Drink Up: Weighing In On the Latest Health Craze in a Cup
Photo: Nina Firsova/Shutterstock
Trendy new beverages often create buzz because of the supposed health benefits, especially when they’re mentioned on social media. “They’re given hype by influencers, so people want to try them,” says Théa Demmers, a registered dietitian at Concordia University in Montreal. But drinking your calories may often mean taking in extra sugar or falling short on dietary fibre. Besides, not all these concoctions have evidence to support their health claims – some even carry risks. We’ve got the juice on five of the latest liquid fads.
Kim Kardashian tried celery juice for her psoriasis. Miranda Kerr says it gives her more energy and eases indigestion. But celery is 95 per cent water, so any purported benefits such as reduced inflammation and fatigue are likely due to the extra hydration. On the downside, any time you juice a fruit or vegetable, you remove essential fibre. “This can impact our gut bacteria long term,” says Demmers. Those friendly microbes rely on fibre for food, so you won’t do your digestive system any favours if you starve them. You’re better off eating celery sticks or try water with a squeeze of lemon – Kardashian admitted on Instagram that the beverage tasted “pretty gross.”
Mushroom coffee and other mushroom-supplemented foodstuffs are listed on Pinterest’s 100 trends for 2019. According to product manufacturers such as Four Sigmatic and Terrasoul Superfoods, cutting coffee with powdered mushroom can boost your energy, brain power and immune system. Unfortunately, these health claims aren’t based on solid research. Sure, mushrooms contain antioxidants, but so does the coffee they’re replacing. “It is not clear whether the antioxidant content of mushroom powder found in mushroom coffee is higher than what you would find in fresh, raw mushrooms,” adds Demmers. Mushroom coffee might be an option, though, if you want to reduce caffeine – and if you also happen to be someone who sees the charm in instant coffee.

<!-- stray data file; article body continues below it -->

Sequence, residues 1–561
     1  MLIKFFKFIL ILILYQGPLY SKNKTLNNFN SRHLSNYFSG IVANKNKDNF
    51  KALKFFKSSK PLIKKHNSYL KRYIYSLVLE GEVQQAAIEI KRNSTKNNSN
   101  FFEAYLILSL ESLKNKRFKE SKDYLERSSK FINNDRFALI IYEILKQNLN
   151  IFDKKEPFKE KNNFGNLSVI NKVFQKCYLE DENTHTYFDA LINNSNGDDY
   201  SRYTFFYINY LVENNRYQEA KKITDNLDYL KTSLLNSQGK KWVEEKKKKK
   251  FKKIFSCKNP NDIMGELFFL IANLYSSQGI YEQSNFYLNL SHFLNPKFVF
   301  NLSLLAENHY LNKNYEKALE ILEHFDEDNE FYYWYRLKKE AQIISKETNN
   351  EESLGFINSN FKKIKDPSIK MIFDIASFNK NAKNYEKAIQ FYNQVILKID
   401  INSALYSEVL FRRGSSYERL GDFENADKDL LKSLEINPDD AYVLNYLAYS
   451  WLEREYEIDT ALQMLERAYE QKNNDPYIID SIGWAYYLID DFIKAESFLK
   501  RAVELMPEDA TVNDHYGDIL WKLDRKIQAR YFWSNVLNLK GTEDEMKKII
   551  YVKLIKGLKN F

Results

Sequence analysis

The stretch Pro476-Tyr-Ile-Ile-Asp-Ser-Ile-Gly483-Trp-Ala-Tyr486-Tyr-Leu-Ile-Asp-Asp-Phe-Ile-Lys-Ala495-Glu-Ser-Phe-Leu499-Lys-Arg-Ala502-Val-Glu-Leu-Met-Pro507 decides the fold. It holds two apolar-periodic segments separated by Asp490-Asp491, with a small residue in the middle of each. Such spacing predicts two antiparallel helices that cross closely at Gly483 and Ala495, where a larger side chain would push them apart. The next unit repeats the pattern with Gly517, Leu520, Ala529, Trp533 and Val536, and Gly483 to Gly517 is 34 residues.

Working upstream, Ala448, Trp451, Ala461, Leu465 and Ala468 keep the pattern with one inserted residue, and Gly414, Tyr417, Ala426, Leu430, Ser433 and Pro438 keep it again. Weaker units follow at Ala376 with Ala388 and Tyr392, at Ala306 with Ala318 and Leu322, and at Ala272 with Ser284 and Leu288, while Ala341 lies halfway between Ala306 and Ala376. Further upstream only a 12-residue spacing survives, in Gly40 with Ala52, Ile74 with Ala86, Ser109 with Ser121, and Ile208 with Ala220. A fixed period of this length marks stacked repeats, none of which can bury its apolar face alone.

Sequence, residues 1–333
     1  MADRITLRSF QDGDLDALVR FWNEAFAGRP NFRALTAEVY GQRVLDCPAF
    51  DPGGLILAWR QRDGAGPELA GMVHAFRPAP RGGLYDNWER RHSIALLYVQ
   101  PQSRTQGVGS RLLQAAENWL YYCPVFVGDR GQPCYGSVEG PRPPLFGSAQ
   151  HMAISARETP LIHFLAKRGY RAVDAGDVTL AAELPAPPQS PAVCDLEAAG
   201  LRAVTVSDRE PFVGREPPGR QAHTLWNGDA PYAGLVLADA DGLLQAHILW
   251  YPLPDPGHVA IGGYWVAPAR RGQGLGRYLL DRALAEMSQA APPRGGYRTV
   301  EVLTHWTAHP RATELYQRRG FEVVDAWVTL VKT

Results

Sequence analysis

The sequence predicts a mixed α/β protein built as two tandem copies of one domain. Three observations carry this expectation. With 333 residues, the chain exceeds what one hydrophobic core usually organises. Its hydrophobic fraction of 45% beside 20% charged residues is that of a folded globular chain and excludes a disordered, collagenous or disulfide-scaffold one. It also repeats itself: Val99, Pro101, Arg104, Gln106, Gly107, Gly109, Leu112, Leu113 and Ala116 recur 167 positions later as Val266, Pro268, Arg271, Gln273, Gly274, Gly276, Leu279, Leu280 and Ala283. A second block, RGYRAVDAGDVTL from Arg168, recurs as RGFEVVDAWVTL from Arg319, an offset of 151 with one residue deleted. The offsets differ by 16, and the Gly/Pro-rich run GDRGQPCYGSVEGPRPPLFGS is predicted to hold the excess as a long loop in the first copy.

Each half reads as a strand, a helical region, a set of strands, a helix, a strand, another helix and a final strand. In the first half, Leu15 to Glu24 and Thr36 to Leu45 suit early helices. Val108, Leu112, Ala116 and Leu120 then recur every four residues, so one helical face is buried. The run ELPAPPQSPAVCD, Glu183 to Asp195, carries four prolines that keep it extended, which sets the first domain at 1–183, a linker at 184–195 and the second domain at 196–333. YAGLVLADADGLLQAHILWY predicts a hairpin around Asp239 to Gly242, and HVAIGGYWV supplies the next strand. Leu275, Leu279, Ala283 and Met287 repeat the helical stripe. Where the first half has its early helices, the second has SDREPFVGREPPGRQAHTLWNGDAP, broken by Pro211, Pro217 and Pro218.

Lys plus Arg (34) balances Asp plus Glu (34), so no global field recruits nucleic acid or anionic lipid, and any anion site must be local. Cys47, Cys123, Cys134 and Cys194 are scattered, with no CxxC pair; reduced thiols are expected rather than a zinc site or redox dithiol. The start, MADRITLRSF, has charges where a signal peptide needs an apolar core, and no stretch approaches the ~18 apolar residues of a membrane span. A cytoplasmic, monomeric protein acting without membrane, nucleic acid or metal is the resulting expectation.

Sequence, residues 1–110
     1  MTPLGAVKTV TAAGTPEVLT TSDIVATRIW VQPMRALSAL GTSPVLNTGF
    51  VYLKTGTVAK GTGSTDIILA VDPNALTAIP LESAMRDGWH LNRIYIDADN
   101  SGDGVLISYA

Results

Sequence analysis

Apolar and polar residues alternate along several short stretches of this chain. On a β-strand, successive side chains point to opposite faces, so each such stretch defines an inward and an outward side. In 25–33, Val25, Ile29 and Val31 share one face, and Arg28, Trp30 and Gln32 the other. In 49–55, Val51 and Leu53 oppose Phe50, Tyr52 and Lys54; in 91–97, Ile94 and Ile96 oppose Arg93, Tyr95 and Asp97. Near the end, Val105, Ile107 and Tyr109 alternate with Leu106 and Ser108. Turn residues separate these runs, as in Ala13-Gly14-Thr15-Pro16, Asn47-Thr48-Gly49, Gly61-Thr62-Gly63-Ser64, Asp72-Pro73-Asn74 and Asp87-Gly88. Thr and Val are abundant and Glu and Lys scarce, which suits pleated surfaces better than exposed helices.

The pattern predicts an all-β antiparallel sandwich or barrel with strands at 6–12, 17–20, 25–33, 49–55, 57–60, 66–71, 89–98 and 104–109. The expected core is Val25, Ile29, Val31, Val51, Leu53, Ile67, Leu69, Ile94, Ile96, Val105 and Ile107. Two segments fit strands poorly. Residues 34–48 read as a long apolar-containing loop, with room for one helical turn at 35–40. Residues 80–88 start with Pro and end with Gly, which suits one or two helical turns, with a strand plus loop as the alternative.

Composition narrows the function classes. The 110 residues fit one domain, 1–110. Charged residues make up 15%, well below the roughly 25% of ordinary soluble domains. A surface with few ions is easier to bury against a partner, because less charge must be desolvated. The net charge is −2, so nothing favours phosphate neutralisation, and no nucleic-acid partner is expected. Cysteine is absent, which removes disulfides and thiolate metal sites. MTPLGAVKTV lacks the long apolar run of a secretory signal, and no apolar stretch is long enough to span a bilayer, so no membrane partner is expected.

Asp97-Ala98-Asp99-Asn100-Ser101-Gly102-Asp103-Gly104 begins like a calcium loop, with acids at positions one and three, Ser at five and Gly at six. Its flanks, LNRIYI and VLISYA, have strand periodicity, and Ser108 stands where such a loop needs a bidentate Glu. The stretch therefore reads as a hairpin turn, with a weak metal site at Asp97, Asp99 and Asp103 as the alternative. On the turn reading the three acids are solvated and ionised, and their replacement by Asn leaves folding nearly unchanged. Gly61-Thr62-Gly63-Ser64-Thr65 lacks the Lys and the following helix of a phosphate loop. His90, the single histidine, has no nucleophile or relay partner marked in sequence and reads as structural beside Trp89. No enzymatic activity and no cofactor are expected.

This fermented form of tea made with sugar, yeast and bacteria has been spotted in the hands of celebrities like Jake Gyllenhaal and Lady Gaga. Kombucha contains probiotics, bacteria that help the digestive tract do its business. It’s not the only way to get more of these gut-friendly microbes – you can eat yogurt or sauerkraut – but fans of kombucha claim the drink also fights conditions like cancer and hypertension. There isn’t strong evidence to back up those claims, however. But if you do want to test kombucha’s probiotic benefits and plan to ferment your own at home (you can buy starter kits or find instructions online), be mindful of possible contamination. The temperature, humidity and other brewing conditions are an ideal environment for mould or harmful bacteria growth. It’s recommended to use glass, stainless steel or new plastic containers and “run your equipment in the dishwasher at a high temperature,” says Demmers.
We’ll give you this one, Gwyneth Paltrow. Turmeric contains curcuminoids, compounds with well-established anti-inflammatory properties. Curcuminoids also give turmeric-based curry dishes and stews their yellow hue and, as such, will transform your latte or milk into a burst of morning sunshine. “The antioxidants in turmeric are best absorbed with the vehicle of fat,” says Demmers, so having it with a milk product can actually help you reap its benefits. Furthermore, turmeric is being investigated for a potential role in cancer treatment, diabetes control and memory preservation, among other uses. It’s early days, but results so far are promising. And benefits have been seen in as little as a gram a day, so no need to overdo it – too much turmeric can cause diarrhea, constipation or upset stomach.
It may feel wrong to gulp down something that looks like it was siphoned from a brackish swamp. But those who’ve tried charcoal mixed with water or lemonade say it doesn’t change the taste much. And if you believe Dr. Josh Axe, naturopath and author of Eat Dirt, it’s a natural way to absorb the chemicals and toxins that he believes can build up in your body (conventional medical wisdom believes the body detoxifies itself). Activated charcoal is, after all, a standard treatment for accidental poisonings. The problem, though, is a lack of proof that drinking it is good for you. It’s not advisable to try activated charcoal without talking with a health-care professional, says Demmers, as it interacts with a long list of medications, including lithium, lorazepam and codeine, or can block a medication’s efficacy altogether. And it can reduce absorption of the vitamins and minerals you want to hold on to.
A version of this article appeared in the Jan/Feb 2019/20 issue with the headline, “Drink Up,” p. 74.